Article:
The NCAA has passed legislation adding the National Invitational Volleyball Championship as a permanent season-ending event for volleyball – Triple Crown Sports brought the event back to life in 2017 and has seen the programs from Ole Miss, Iowa State, Georgia Tech and UNLV claim an NIVC title. The 2022 event will launch with selection night on Nov. 27, with the championship match slated for Dec. 12 or 13.
By Kyle Koso
Like “Saturday Night Live” in many ways, a college volleyball program takes stage every year at the same time, even if the cast’s turnover leaves folks a little unsure about the product.
But it’s no joke about the ability of the UNLV squad to roll with the changes and provide a lot of entertainment for fans of the brand.
The Rebels had no choice but to move on from some key players that guided the team to the 2021 National Invitational Volleyball Championship title, but head coach Dawn Sullivan is pulling off the tough task of succeeding in 2022 thanks to anticipating the headwinds long in advance. UNLV, which launches its Mountain West Conference slate Thursday at Colorado State, sits at 9-2 on the season and already owns a memorable win, topping then-No. 19 Kansas in four sets on Sept. 9.
The departure of Mariena Hayden (back-to-back MWC player of the year) and setter Lauryn Burt had to sting, but Sullivan had Gabrielle Arretche-Ramos ready to crank up the kills (161) for her junior year, as well as Isabel Martin, a native of Germany who played two years in the JUCO ranks before redshirting at UNLV last season. Martin leads the team with 182 kills; the roster also showed some recruiting foresight as Maya Sands is shining at the libero spot with a team-high 19 aces and 186 digs. She was the MWC freshman and defensive player of the week as announced Sept. 19.
“You think about it a lot, the fact that we’re building a program, how it can grow over time and establish a tradition,” said Sullivan, who also steered the program to the NIVC semifinals in 2018 and Round 2 in 2019. “We moved Gabby from right side to left this year, and we were able to train her there pretty much all spring. She had seen some time there before, but she’s really embraced that role. The we brought in Isabel Martin, who redshirted last year because we had solid outsides and wanted to be sure we had someone strong who could step in and put the ball away. That was something we thought through.”
And if good luck lands on those who work hard, that explains how the Rebels are dealing with the setter position, as grad student Jhenna Gabriel has taken on the task (10.14 assists per set). Originally planning on a coaching role, Gabriel decided to use her last window of eligibility to suit up again after a terrific career at Texas, where she was 2020 Big 12 setter of the year.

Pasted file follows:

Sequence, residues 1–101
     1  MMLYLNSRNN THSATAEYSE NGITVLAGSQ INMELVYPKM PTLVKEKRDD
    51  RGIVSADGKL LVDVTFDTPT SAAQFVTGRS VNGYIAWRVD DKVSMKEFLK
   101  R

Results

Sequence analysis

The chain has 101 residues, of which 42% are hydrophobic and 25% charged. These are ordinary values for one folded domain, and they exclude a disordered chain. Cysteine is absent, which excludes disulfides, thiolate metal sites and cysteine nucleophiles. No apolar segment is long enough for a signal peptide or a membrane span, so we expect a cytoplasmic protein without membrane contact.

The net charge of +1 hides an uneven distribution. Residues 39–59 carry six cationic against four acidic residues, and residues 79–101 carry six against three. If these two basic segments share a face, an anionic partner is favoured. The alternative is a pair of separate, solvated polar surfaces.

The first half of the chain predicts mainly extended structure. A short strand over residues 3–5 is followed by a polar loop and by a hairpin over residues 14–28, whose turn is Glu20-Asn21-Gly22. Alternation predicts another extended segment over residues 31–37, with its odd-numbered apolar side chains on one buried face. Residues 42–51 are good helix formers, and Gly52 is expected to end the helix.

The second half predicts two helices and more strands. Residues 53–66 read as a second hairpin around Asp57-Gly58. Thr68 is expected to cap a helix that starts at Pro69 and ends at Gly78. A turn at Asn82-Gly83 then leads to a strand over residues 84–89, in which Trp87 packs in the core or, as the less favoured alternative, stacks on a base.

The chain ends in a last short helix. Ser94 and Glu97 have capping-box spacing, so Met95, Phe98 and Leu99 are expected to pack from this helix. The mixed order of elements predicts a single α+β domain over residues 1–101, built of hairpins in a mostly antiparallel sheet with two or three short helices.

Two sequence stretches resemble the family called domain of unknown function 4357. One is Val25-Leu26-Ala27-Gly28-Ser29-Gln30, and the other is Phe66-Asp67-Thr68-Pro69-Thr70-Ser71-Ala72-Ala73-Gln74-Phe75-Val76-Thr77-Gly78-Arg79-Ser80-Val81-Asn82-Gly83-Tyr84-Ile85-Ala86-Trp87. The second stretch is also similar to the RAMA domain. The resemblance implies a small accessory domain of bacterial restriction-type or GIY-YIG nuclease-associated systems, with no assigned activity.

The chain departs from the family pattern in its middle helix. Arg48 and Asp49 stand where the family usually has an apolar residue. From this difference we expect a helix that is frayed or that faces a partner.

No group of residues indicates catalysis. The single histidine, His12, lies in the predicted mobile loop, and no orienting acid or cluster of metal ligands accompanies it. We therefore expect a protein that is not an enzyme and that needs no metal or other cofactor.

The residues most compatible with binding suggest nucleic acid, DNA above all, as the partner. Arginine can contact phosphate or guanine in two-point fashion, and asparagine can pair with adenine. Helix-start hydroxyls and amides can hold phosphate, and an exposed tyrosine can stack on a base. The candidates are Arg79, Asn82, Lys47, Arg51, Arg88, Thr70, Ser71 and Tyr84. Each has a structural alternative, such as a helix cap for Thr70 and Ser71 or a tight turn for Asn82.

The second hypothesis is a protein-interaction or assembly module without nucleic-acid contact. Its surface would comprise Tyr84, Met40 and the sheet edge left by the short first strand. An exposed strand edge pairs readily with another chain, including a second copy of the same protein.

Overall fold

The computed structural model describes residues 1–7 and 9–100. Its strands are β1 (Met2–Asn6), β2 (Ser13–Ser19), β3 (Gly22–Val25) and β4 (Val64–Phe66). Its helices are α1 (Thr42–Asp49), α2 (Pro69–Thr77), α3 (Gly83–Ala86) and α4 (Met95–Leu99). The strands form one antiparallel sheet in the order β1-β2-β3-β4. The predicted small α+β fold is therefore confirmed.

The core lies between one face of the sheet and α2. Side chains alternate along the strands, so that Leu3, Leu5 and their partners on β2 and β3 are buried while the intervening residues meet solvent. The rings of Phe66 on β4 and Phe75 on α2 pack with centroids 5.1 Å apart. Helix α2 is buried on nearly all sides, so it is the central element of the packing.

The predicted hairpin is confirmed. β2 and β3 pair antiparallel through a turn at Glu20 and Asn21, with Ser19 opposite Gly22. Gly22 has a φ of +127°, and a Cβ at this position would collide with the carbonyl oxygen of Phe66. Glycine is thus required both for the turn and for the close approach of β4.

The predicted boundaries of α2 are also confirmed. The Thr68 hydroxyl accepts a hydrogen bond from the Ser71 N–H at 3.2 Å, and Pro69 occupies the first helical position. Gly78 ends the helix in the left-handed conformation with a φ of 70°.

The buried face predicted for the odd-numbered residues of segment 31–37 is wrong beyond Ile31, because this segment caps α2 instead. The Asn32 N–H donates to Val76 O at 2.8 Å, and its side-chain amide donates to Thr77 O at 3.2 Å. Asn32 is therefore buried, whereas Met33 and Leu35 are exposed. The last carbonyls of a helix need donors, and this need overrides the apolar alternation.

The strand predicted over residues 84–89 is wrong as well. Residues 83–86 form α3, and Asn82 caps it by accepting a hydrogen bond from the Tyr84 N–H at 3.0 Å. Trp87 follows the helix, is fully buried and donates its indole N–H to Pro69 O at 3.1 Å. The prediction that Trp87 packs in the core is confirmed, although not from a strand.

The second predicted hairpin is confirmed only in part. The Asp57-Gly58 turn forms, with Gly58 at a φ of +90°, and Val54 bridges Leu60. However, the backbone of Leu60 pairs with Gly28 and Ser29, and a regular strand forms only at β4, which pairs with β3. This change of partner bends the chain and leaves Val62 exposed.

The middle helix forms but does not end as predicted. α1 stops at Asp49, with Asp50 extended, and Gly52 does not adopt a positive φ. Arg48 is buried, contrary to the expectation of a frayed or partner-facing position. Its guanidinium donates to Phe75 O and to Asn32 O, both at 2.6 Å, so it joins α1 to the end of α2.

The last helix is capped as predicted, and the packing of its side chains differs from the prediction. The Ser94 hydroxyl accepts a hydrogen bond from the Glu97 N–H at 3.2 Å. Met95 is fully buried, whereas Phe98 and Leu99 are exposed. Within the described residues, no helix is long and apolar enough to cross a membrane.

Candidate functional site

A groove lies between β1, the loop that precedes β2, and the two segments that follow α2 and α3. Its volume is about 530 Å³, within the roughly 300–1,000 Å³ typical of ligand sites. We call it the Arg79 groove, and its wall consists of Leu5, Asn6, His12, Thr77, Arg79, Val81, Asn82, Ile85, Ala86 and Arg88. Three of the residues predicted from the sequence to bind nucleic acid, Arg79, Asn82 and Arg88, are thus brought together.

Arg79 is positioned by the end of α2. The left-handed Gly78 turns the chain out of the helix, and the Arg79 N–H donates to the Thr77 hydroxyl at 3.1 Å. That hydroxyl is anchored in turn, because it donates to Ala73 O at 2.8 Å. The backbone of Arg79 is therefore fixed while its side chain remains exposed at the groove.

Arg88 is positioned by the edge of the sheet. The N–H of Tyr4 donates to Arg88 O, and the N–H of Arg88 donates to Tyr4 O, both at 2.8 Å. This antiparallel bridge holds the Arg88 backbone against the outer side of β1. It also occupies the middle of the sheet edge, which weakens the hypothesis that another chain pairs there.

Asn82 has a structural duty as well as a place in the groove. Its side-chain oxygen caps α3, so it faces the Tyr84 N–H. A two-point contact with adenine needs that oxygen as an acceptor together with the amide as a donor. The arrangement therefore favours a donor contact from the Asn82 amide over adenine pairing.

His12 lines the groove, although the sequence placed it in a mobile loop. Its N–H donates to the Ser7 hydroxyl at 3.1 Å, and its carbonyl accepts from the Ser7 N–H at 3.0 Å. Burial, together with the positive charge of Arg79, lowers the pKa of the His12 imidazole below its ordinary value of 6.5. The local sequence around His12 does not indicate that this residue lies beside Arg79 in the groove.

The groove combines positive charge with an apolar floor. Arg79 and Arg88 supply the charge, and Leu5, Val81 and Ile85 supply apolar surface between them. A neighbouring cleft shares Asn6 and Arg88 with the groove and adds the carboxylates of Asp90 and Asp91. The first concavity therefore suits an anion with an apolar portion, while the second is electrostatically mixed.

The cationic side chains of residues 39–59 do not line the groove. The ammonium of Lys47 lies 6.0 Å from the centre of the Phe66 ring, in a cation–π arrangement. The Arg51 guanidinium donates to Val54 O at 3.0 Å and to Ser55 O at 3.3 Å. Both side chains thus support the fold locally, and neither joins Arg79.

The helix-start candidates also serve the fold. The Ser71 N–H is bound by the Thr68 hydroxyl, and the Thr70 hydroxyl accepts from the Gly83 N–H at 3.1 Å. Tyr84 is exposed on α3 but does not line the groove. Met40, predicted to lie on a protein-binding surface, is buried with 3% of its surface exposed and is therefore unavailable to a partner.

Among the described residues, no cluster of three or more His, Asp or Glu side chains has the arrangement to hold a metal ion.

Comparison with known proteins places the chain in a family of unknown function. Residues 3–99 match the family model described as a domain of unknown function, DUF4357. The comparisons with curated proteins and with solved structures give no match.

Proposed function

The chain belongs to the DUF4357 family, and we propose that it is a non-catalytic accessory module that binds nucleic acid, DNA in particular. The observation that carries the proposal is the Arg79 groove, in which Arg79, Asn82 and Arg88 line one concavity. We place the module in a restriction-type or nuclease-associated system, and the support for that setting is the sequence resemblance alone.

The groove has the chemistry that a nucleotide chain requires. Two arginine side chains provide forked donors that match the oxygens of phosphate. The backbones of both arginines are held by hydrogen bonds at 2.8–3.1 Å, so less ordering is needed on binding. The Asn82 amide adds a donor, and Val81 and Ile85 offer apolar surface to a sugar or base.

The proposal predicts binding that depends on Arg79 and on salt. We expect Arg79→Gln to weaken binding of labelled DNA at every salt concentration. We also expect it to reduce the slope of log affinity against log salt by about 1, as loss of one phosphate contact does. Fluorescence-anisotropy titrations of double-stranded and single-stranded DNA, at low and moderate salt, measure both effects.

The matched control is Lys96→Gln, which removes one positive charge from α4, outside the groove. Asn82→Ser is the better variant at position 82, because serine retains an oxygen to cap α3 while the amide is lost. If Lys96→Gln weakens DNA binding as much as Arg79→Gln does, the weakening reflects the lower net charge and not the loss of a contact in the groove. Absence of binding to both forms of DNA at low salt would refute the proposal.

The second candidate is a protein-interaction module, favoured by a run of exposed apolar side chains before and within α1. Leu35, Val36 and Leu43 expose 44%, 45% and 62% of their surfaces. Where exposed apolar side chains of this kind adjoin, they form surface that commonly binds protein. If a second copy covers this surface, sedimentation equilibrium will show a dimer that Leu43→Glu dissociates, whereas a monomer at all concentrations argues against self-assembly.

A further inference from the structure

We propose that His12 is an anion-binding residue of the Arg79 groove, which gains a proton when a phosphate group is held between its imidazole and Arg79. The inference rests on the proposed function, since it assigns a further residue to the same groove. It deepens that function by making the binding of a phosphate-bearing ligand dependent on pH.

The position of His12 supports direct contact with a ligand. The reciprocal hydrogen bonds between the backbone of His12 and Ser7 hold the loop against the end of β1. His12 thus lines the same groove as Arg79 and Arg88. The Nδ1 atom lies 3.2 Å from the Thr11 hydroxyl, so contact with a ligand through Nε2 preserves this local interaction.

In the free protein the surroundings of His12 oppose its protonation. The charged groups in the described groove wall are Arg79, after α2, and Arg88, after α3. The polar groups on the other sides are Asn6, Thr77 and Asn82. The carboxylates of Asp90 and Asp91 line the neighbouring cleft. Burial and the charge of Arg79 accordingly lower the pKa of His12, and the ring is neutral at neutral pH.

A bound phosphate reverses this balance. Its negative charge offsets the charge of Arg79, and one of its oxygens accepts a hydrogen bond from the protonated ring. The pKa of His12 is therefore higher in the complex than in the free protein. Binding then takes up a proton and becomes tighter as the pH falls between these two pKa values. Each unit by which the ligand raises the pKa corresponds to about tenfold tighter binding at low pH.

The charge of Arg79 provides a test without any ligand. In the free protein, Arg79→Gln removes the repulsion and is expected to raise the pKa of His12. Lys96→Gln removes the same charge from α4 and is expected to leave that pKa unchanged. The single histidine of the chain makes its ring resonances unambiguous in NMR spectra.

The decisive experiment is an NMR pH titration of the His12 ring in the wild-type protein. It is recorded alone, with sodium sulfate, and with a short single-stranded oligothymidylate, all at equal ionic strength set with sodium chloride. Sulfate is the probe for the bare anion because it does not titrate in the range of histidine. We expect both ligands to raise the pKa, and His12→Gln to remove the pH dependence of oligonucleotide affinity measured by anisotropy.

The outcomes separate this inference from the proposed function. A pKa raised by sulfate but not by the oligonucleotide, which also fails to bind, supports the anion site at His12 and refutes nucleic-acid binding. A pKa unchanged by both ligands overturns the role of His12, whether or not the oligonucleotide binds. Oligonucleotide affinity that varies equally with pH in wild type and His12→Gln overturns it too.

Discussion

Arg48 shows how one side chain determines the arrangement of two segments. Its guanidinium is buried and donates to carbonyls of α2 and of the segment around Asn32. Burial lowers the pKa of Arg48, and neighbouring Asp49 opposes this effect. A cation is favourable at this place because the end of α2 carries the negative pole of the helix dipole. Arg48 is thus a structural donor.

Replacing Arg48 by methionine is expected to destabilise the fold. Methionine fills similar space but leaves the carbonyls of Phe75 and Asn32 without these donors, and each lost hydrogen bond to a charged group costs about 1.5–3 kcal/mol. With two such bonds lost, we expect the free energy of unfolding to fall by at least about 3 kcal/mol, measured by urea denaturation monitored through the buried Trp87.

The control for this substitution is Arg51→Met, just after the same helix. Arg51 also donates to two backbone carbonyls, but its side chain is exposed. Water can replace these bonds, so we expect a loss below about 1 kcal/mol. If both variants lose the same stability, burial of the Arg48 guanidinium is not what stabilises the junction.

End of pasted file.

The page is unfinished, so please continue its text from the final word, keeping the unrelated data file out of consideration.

“We’ve had a lot of pieces moving around, some graduated, so you keep pushing over time to that same standard, and you hope they are ready to play when they walk in the gym and are ready when they need to be,” Sullivan said. “We spent a lot of time over the spring building our chemistry and culture, because we had a lot of turnover and new people joining the program. You don’t quite know what’s there going into the preseason.”
UNLV started with five straight wins, followed by a five-set loss against Miami that provided a moment of clarity. The Rebels were comfortable with their skills and now just needed steadier focus to pull it all together, and that led straight to the exciting result against the Jayhawks (who pushed No. 1 Texas to five sets Wednesday night).
That’s the roadmap for the conference campaign, leading off with a tough one at CSU, the preseason No. 1 of the MWC. UNLV has shown offensive spark, to be sure, and there’s some impactful punch up front thanks to sophomore Chloe Thomas and junior Jordyn Freeman.
“The Mountain West is tough. We did a nice job in the preseason setting ourselves up a bit, getting some confidence, but there are a lot of good teams in this conference,”” added Sullivan. “It’s on us to continue working on the little things, our block defense or getting a bit sharper on offense, with the serve and pass. We’ll continue to work and believe that when we step on the court together that we are OK. And to keep coming together as a team, that’s important for this group, to be open and embrace each other and provide energy for each other. We want to be a much better team in a month than we are today, and we’ll see different people rise up with this group.”
LAST WORD – Sullivan on the NIVC: “The NIVC has helped us a great deal and I’m thankful that we have it as an option for us to continue playing volleyball. Every year we’ve been in it, I feel we’ve grown a ton as a ton those last couple of weeks. Those opportunities are so special. We of course want to play in the NCAAs, but we’re happy to play anytime there’s an opportunity to grow and learn as players and people.
“The opportunity to be challenged, that this could be your last match, is really important to be put in those situations so they understand the pressure, how to stay confident and composed. All those things add up. What the NIVC has provided us is a lot of confidence, so that in the postseason, we feel good. We know we can step on the court and know what it feels like.”